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Chemical Reference Materials: Setting the Standards for Ocean Science Box 5.1 General Steps in Preparation of a Reference Material (Stoeppler et al., 2001) Define the reference material, including the matrix, the properties to be certified, and their desired levels Design sampling procedure Design sample preparation procedure Select a method appropriate for homogeneity and stability testing Design the characterization of the reference material Acquire samples Prepare samples Test for homogeneity Test for stability Characterize the reference material Combine the results from homogeneity testing, stability testing, and characterization and assemble an uncertainty statement Set up a certificate and, if appropriate, a certification report laboration via the COMAR database is also included. For a discussion of the various steps of the certification process and the requirements for reference materials for a wide variety of specific substances see Stoeppler et al. (2001). Finally for a discussion of the preparation of matrix reference materials for various environmental applications, Parkany and Fajgelj (1999) provide a thorough discussion of example materials from several national metrology organizations along with chapters detailing their intended uses. The preparation of a reference material requires substantial planning prior to undertaking a specific project (see Box 5.1). The process begins with the definition of the material to be produced, for example, “preparation of a seawater-based reference material containing the nutrient elements: NO3, PO4, and Si(OH)4 at concentration levels appropriate to oceanic samples and certified for these constituents.” Such definitions arise either from internal decisions by reference material producers (such as NIST or NRC-Canada) typically in response to perceived needs, or through external pressure on these producers from potential users. (This report, for example, explicitly identifies a number of pressing needs for reference materials for the ocean sciences.) At the same time, decisions must be made regarding the producers of these materials. For new reference material needs, identified within agencies such as NIST or NRC-Canada, this entails a decision as to whether to produce the material in-house or to sub-contract the work elsewhere. For externally recognized needs, both a supplier (e.g., either one of the recog-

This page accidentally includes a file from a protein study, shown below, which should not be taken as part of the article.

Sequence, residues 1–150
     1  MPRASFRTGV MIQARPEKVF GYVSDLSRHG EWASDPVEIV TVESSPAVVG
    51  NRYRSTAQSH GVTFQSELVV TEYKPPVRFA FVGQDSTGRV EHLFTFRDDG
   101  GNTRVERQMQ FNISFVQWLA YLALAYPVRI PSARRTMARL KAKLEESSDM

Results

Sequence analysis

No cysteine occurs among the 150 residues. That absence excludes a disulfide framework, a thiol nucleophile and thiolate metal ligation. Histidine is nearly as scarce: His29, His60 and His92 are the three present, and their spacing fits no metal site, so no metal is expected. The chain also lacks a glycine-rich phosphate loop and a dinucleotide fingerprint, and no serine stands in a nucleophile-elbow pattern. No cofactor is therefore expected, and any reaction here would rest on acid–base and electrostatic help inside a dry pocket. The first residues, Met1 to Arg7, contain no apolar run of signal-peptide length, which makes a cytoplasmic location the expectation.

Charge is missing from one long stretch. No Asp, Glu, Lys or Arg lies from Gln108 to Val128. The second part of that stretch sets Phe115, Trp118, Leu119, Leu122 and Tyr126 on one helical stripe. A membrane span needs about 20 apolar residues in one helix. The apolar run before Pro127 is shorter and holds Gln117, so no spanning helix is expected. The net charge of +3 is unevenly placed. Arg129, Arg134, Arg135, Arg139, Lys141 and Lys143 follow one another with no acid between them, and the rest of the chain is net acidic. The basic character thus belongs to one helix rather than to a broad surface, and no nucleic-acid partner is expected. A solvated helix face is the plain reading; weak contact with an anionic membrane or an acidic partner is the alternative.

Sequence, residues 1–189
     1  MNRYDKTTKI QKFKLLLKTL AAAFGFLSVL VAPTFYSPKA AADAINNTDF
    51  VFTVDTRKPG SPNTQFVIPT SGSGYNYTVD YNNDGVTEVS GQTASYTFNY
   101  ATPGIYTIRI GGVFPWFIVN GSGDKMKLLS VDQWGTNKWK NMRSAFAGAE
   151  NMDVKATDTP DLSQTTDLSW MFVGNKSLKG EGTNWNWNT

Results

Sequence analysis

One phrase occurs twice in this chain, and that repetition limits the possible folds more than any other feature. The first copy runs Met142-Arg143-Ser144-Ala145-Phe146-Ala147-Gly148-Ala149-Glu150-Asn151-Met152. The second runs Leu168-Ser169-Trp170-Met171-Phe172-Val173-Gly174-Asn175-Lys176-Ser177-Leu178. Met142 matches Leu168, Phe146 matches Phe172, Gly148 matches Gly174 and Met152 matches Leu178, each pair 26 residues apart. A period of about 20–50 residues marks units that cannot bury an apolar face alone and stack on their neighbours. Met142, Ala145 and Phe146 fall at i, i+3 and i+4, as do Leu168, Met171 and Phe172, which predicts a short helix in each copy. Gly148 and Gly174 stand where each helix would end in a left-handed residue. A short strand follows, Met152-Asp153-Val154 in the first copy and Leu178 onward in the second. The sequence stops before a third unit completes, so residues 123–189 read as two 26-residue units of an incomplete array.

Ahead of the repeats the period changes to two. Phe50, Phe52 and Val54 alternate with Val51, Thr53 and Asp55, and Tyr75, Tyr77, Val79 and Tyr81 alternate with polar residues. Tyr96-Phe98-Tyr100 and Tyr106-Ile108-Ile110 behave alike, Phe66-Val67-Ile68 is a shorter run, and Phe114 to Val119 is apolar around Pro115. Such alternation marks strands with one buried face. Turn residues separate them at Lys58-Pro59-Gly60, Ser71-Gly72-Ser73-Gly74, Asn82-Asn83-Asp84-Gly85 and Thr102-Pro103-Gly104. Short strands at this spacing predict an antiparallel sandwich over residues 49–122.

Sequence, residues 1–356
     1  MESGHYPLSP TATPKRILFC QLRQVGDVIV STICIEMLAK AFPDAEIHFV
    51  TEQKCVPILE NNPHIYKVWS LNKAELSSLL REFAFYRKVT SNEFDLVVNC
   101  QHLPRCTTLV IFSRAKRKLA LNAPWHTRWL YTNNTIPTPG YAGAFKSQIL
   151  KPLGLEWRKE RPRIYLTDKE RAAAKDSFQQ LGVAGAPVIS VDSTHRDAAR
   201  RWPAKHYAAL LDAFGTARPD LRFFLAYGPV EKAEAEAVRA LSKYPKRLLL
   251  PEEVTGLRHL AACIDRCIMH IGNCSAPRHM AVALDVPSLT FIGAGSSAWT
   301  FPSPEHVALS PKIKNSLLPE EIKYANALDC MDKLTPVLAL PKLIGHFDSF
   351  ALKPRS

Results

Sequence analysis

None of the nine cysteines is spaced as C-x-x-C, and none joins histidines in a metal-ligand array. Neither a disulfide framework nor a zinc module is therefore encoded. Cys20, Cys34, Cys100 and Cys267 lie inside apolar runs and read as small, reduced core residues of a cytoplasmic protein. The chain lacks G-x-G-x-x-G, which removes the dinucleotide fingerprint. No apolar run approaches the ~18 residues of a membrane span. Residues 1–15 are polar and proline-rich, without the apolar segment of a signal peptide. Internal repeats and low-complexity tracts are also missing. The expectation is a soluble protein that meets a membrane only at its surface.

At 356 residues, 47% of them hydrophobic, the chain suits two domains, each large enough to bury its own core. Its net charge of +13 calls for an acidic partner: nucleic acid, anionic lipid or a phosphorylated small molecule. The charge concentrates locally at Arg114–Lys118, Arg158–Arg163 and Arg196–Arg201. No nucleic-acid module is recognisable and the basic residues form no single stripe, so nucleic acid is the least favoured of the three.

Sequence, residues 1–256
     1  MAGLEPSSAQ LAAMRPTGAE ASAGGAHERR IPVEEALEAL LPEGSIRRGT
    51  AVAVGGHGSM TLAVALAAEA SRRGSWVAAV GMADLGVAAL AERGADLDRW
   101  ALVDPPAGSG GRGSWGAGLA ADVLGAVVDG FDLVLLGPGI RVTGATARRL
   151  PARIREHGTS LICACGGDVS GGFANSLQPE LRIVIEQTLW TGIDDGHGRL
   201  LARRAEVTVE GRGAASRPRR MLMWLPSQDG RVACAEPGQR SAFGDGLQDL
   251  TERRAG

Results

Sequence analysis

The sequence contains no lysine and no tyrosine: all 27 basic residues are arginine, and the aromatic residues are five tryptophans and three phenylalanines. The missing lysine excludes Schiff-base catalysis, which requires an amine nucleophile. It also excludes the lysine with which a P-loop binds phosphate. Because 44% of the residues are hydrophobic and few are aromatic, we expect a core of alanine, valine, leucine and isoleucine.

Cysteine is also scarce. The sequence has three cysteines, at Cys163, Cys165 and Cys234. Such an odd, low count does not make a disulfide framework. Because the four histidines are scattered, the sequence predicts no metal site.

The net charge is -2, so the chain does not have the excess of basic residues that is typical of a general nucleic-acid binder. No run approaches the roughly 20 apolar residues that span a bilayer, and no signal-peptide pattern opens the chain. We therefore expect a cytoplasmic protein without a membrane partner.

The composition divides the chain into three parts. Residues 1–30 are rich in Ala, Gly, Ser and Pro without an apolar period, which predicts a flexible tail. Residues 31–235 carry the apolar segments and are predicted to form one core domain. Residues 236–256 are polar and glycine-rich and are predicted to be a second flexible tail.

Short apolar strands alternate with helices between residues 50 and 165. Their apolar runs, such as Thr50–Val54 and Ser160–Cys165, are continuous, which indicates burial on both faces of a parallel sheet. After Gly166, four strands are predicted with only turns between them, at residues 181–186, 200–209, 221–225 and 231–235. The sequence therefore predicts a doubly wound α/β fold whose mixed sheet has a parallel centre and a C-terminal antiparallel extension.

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Chemical Reference Materials: Setting the Standards for Ocean Science nized national facilities or, possibly, an ad hoc group of investigators [see below]) and a funding source must be identified. The next task is usually to obtain a sufficient amount of raw material with the desired properties. The amount of material needed depends on: the number of samples of reference material needed, the need for a feasibility study, the number of samples needed for the homogeneity study, the number of samples needed for the stability study, and the number of samples needed for characterization of the reference material (Stoeppler et al., 2001). Once a sample is acquired, the supplier can begin to prepare the material in the state it will be used. It is particularly important at this stage to stabilize the material (if required) to prevent changes in composition of critical components and to homogenize the material so that all future sub-samples will be as identical as possible. If additional procedures (e.g., reduction of grain size) are needed to prepare the desired material, they should occur at this stage. At this point a preliminary assessment of homogenization should also be made. Since one of the main goals of reference material production is to provide a stable reference material, tests for stability begin early in the production process. Ideally, these should be conducted over the expected lifetime of the reference material prior to its distribution; however, these tests can be conducted concurrently if required. Once the stock material has been determined to be stable and homogeneous, it can be divided into portions appropriate for use as a laboratory reference material. The portion size depends on the analyst’s expectations. In some cases, providing single-use samples is appropriate: the material may have so little stability after being opened that it is unlikely that it could be used again. In such cases, however, insufficient quantity can lead to low detection levels, thus increasing error. Alternatively, however, a single package can produce several replicates so that too much material leads to extensive re-use of the opened container. This can result in problems with reference material integrity and thus cause potentially inaccurate results. Once the material has been packaged, it must then be checked for uniformity. Any additional characterization of the material, in the form in which it will be distributed (e.g., grain size, color) should be conducted at this stage. Subsequently, the material is analyzed for the analyte(s) of interest for certification purposes, after which the certificate of analysis can be prepared. It is also imperative that a certified reference material or reference material be continually monitored for stability throughout its